A Patient’s Quest for Quality in Healthcare

October 5th, 2009 by DCPatient Leave a reply »

As part of an otherwise excellent presentation on the key drivers of rising healthcare costs, two slides purported to demonstrate that overbuilding of healthcare facilities was the result of inappropriate emphasis by patients on facilities’ cleanliness and convenience as measurements of quality.  The presenter’s point was that patients could not be trusted to assess healthcare quality since they chose such obviously silly metrics instead of judging and selecting hospitals or physician practices on the basis of cost, outcomes, or adherence to guidelines.

I had several thoughts in reaction, a few of which I can print – (1) With upwards of 2 million nosocomial (my favorite word) infections a year causing more that 100,000 deaths and complications, cleanliness is nothing to sneeze at; (2) in a past life I was taken to task by the HRSA administrator for making the point that there might be value in having the choice of  a transplant center close enough that families could support their loved one through a traumatic life event so I won’t comment here on the issue of proximity; but most importantly (3) patients judge what they can see.  If we make quality metrics such as cost, outcomes, and adherence to guidelines more accessible to patients then they will include those metrics in their decisionmaking.

And so I embarked on my own journey to see how readily available patient-friendly quality data is for patients.  First I looked for information on hospital information.  Hospital Compare http://www.hospitalcompare.hhs.gov/, an HHS website powered by Medicare data, allowed me to compare hospitals within a radius of my chosen zipcode on process of care (basically guidelines/evidence) adherence, outcomes like death, and patient satisfaction elements like physician communication or nurse responsiveness.  Interestingly, among the subset of local hospitals I chose, quality was similar but median Medicare payment ranged from a two to four fold difference.  Still a limited set of procedures and conditions are included, I have no idea how patients with my demographics and characteristics fared, and the Medicare cost data may bear little relation to what I might actually pay under my insurance let alone self-pay.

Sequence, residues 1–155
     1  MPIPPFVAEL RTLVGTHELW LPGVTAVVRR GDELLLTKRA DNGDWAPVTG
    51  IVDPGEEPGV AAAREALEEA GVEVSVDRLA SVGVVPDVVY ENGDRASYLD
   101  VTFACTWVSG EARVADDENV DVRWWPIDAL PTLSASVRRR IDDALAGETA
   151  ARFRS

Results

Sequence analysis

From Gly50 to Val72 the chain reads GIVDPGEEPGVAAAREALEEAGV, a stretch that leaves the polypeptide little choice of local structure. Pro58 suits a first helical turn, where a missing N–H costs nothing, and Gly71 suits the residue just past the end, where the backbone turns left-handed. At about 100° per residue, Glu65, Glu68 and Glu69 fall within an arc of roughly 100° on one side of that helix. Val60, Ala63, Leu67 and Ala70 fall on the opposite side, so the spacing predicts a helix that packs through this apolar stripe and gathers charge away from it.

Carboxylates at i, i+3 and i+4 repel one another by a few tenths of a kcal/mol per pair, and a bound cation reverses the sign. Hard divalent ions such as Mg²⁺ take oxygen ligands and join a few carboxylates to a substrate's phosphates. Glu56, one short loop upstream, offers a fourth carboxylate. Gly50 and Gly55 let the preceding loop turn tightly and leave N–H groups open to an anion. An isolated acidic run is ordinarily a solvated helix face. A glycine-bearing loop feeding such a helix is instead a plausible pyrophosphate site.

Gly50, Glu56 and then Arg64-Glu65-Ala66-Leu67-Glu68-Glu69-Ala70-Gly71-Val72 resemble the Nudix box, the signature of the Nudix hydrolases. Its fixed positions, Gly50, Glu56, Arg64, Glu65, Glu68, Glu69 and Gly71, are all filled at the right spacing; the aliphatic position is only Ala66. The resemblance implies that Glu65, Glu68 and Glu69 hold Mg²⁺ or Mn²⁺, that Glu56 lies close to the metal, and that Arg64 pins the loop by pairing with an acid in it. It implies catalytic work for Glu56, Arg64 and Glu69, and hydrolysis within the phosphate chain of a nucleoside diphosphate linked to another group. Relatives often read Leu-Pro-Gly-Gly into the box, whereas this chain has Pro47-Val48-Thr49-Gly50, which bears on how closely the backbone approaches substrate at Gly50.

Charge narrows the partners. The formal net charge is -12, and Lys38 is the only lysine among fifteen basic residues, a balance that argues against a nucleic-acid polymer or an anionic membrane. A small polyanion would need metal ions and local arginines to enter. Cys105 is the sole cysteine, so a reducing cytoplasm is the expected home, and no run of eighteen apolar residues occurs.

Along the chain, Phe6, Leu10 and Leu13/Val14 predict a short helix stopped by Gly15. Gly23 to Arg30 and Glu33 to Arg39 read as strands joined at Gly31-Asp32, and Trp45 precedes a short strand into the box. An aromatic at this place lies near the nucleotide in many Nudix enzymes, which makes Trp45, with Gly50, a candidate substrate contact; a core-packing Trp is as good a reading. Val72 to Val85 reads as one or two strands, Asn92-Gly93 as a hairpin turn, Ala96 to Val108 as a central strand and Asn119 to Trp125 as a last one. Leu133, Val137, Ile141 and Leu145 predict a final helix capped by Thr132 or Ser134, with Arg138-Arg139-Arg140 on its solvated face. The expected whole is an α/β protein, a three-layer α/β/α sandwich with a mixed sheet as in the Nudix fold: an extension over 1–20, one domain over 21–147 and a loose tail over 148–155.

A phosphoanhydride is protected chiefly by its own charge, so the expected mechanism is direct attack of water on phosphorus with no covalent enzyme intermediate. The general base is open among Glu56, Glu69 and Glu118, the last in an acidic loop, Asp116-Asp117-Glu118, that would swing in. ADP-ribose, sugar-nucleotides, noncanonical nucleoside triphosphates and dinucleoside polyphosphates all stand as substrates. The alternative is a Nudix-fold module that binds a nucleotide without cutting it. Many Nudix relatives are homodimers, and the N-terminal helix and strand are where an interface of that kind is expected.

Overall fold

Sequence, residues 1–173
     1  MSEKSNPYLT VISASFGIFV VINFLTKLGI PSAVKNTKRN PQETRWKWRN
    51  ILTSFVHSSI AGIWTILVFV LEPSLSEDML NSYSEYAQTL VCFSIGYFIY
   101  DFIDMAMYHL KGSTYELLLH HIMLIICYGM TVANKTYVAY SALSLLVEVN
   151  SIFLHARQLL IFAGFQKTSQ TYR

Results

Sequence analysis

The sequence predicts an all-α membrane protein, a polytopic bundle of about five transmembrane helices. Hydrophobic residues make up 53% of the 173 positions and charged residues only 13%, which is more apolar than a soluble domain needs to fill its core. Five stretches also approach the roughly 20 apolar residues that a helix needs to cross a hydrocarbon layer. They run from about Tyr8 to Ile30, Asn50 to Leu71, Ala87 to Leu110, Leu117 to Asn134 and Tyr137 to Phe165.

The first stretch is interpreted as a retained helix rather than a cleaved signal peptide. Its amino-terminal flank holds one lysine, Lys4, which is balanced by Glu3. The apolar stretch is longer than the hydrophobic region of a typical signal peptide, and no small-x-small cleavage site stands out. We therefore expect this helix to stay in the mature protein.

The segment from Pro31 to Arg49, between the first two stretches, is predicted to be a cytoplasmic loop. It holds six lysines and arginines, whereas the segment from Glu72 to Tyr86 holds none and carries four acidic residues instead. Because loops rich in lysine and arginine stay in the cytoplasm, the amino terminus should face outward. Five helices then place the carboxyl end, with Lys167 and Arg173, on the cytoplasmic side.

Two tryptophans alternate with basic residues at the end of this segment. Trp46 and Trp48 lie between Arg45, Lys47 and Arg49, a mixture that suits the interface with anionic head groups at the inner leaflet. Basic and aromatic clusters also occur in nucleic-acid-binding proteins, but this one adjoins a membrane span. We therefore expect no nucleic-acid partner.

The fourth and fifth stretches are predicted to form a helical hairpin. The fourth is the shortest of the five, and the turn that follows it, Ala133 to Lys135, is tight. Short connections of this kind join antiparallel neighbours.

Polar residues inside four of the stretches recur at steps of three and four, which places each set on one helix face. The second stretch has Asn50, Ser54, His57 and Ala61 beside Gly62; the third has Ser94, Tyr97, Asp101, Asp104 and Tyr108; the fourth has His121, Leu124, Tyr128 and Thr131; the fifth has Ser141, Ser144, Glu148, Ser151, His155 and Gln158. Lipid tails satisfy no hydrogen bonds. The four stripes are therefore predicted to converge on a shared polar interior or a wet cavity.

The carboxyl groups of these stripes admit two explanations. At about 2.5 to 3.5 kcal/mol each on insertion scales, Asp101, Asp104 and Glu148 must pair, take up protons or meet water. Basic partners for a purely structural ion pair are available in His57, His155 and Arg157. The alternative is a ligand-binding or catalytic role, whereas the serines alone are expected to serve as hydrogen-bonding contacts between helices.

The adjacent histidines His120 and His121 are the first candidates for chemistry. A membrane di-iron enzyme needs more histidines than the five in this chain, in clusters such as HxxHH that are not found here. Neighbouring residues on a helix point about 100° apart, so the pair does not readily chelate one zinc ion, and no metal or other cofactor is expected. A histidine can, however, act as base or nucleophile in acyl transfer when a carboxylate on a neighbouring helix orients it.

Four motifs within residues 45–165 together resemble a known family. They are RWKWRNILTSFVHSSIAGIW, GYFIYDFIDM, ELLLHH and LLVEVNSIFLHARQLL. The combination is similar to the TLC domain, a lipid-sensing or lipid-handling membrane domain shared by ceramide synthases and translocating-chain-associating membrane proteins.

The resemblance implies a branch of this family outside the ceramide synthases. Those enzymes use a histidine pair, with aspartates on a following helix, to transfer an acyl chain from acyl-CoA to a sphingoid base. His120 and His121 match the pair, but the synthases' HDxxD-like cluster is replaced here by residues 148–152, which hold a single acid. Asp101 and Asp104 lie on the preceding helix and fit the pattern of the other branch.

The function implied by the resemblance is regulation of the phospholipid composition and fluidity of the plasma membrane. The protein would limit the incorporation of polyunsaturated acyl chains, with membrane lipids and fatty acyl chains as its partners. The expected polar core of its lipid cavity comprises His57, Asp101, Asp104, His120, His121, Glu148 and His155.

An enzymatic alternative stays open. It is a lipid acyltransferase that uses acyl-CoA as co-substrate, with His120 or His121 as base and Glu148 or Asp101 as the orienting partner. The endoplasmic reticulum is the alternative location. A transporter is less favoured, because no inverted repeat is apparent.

Physician information is available in a variety of formats for various fees, typically $9.95 to $24.95 on websites such as HealthGrades http://www.healthgrades.com and Physician Reports http://www.physicianreports.com or compiled in the Consumer’s Checkbook Guide to Top Doctors or Castle Connolly’s various city-specific  Top Doctors.  Plugging in one of my specialist’s name I was able to get disciplinary actions (luckily none), board certifications, years of education, hospital affiliations and even ease of scheduling, however I had no idea from the information provided if my doctor was any good.

Lastly my health insurer has a premium designation that awards stars for quality and cost-efficiency.  I could not find the basis for those designations and having been ill-served by one of their “centers of excellence” in a particular specialty, you can color me skeptical.

My takeaway is that even for a highly motivated, insured, internet savvy patient, with fair familiarity with health care and health care jargon, comprehensive actionable physician and facility information is limited, hard to find or non-existent.

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  1. Tom says:

    Great post, Donna. While the intention of quality-transparency sites like HospitalCompare are in the right place, much is needed to turn those intentions into useful information for consumers and other healthcare “stakeholders”. It is particularly interesting that there was so much variance in cost (assuming the quality metrics showed negligible differences) between comparable providers in your area. What do you think needs to happen to make the public reporting process more meaningful to us as consumers, and thus to the healthcare “system” in the U.S. as a whole?
    Please keep writing!

    • DCpatient says:

      Tom, I think physician level data outcomes data is as or more important than overall hospital outcomes data. Just as we are developing more risk assessment calculators where you plug in your personal factors such as BMI, smoking, family history, I’d love to see a physician selection calculator where I could enter race, gender, age, answer questions that determine disease state or severity (such as heartburn sufferer vs. IBD patient), type of insurance and get a recommendation such as here are 3 doctors in a 20 mile radius who have outcomes at or above the national average in treating patients like you, the cost will be in this range, and here are links to the factors we used in making this recommendation. Personalized and tiered information would be the ideal.
      Thanks for the comment.